There are two sorts of TLS certificate mis-issuing
The fundamental TLS problem is that there are a ton of Certificate Authorities and all of them can create certificates for your site and give them to people. When talking about this, I think it's useful to talk about two different sorts of mis-issuance of these improper, unapproved certificates.
The first sort of mis-issuance is when a certificate authority's systems (computer and otherwise) are fooled or spoofed into issuing an otherwise normal certificate that the CA should not have approved. This issuance process goes through the CA's normal procedures, or something close to them. As a result, the issued certificate is subject to all of the CA's usual logging, OCSP processes (for better or worse), and so on. Crucially, this means that such certificates will normally appear in Certificate Transparency logs if the CA publishes to CT logs at all (and CAs are increasingly doing so).
The second sort of mis-issuance is when the CA is subverted or coerced into signing certificates that don't go through its normal procedures. This is what happened with DigiNotar, for example; DigiNotar was compromised, and as a result of that compromise some unknown number of certificates were improperly signed by DigiNotar. This sort of mis-issuance is much more severe than the first sort, because it's a far deeper breach and generally means that far less is known about the resulting certificates.
My impression is that so far, the first sort of mis-issuance seems much more common than the second sort. In a way this is not surprising; identity verification is tricky (whether manual or automated) and is clearly subject to a whole lot of failure modes.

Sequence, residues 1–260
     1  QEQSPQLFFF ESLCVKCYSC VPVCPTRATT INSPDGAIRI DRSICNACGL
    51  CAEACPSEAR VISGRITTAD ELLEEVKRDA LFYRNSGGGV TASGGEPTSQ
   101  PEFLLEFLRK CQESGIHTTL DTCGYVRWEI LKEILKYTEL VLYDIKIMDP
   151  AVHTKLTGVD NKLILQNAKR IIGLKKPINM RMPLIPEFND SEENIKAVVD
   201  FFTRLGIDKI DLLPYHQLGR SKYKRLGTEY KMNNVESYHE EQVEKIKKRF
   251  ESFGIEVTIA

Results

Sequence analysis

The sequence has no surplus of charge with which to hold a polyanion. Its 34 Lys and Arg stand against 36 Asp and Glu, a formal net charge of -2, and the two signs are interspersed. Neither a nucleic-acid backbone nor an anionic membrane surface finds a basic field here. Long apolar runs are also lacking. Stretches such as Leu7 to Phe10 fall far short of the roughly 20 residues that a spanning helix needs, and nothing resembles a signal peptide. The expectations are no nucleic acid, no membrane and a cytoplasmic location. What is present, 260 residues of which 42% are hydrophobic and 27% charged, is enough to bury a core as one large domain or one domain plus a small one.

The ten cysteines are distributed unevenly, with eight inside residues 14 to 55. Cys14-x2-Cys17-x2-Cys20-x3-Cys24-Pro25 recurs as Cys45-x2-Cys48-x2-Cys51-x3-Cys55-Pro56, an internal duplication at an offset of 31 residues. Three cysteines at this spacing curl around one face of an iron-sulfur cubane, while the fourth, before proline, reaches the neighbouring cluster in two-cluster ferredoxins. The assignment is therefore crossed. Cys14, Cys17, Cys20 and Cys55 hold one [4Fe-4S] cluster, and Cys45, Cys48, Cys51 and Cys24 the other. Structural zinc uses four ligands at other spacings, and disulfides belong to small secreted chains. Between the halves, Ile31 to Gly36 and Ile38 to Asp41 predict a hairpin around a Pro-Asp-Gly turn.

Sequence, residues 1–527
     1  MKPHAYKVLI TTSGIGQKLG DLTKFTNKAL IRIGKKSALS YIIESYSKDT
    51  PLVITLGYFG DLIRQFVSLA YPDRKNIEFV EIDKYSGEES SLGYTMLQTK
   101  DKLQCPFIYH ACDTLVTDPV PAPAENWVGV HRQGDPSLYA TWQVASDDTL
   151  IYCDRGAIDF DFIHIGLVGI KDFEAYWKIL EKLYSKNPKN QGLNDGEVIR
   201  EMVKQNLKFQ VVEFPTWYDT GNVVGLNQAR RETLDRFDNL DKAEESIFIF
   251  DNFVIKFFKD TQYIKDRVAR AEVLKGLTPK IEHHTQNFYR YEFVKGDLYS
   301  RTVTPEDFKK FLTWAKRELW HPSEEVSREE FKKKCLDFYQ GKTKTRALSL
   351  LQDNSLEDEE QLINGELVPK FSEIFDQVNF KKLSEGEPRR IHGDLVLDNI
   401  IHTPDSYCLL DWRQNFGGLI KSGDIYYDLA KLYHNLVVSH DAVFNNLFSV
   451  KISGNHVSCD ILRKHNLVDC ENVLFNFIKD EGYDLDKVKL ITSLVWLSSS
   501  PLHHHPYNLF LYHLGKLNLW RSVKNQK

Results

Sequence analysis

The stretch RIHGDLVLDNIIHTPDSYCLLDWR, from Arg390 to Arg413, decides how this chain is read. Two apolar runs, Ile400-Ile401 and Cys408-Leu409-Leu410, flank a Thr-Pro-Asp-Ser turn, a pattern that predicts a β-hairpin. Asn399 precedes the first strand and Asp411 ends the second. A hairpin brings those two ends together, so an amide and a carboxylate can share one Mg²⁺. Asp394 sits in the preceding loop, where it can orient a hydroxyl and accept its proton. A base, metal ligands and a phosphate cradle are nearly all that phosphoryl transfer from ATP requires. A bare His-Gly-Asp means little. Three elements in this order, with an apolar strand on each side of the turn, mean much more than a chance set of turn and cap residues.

The corollary to this is that mandatory Certificate Transparency logging can likely do a lot to reduce the impact and speed up the time to detection of most mis-issued certificates. While it can't do much about the second sort of mis-issuance, it can pretty reliably work against the first sort, and those are the dominant sort (at least so far). An attacker who wants to get a mis-issued certificate that isn't published to CT logs must not merely break a CA's verification systems but also somehow compromise their backend systems enough to subvert part of the regular certificate issuance processing. This is not quite a full compromise of the CA's security, but it's a lot closer to it than merely finding a way around the CA's identity verification processes (eg).
The Illumos NFS server's caching of filesystem access permissions
Years ago I wrote The Solaris 10 NFS server's caching of filesystem access permissions. I was recently digging in this area of the Illumos source code and discovered that there have been a few changes, so here is a brief update. The background is that that Illumos NFS server code, like basically all modern NFS servers, does not maintain a full list of what clients are authorized to access what filesystems. Instead it maintains a cache and upcalls to user level code whenever it feels that the cache is insufficient information.